By COURTNEY BROWN
As I get older and work as a coach and mentor for teachers, I am increasingly thankful to the educators who supported me throughout my journey as an educator.
In the beginning, teaching was a challenge for me, as it is for many teachers during their first years. I lasted a year in my first official teaching job, before, humbled, I decided that I just wasn’t equipped enough, and went back to school to get a Masters in Teaching English. After finishing my degree, I eventually returned to teach at a large high school in New York City. There were over twenty teachers in my department, many of whom were veteran teachers. These remarkable educators became my mentors and coaches, generously offering me advice, lesson plans, teaching moves, and moral support.
Beverly Epstein, Sue Blattner, Demaris Fernandez, Annette Tomasetti, and others shared their enthusiasm and folders full of lesson plans, notes, and short texts and invited me to visit their classes. I quickly learned from their range of approaches that there was a variety of pathways to teaching each lesson or topic. These true professionals were also warm and positive and made me feel that I could master teaching.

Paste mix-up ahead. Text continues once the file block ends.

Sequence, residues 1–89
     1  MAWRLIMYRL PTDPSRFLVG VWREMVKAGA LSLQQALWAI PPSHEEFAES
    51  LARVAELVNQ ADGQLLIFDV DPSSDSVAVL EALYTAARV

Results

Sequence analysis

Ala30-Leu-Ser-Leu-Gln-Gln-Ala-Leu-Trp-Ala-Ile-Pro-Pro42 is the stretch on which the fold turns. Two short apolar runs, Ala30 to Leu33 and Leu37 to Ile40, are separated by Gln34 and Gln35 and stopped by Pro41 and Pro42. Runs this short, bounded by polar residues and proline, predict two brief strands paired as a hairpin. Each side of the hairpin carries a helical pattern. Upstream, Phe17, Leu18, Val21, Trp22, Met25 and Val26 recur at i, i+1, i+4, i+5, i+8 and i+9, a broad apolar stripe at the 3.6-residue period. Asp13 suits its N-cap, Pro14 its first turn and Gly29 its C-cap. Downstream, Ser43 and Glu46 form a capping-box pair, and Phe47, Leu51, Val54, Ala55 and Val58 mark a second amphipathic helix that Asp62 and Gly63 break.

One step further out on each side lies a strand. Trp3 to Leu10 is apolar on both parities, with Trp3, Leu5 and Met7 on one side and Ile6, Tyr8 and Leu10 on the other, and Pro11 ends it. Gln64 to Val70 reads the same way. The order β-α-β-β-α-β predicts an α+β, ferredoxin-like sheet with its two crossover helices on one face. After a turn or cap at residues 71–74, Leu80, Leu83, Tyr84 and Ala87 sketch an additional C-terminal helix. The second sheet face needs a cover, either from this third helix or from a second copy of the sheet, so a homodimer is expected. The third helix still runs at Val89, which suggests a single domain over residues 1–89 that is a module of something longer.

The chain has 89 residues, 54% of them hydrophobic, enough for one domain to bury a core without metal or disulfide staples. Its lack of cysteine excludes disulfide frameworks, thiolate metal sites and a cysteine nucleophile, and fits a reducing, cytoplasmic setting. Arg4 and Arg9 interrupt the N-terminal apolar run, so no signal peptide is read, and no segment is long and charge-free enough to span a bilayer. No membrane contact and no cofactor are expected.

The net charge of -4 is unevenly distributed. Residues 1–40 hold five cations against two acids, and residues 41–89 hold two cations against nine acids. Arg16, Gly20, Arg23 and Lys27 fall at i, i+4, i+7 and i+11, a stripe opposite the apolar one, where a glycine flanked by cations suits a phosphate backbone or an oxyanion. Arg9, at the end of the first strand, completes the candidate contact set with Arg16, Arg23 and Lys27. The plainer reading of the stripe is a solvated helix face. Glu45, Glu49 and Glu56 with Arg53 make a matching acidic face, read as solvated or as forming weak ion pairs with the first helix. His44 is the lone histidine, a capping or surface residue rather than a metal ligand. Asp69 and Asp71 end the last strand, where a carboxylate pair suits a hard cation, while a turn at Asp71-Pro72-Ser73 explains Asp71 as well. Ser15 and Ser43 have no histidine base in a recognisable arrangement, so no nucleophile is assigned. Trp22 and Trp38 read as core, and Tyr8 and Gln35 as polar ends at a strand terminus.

From Beverly Epstein, I learned how to make classic texts, like The Odyssey and Hamlet, engaging to students by linking them to current events and helping students make relevant personal connections through authentic discussion. Annette Tomasetti shared with me her passion and a myriad ways to make group work and collaboration happen. Sue Blattner could make any poem come to life in the classroom, and Demaris knew systems and structures. Each of my mentor’s talents and skills had a distinct impact on my approaches and thinking.
Now, as I work to mentor and coach early-career teachers, I realize that these remarkable educators also modeled for me how to mentor and support others; to recognize novice teachers’ potential and promote their passions.
I owe them so much.
Every educator plays a role in creating a positive school culture, regardless of their level of experience. Each person has something to offer, and something to learn.
Teaching is a career of apprenticeship, and the best way for us to learn is from each other. Take time to recognize the crucial role you play in your school, and explore how you might support others in your teaching community.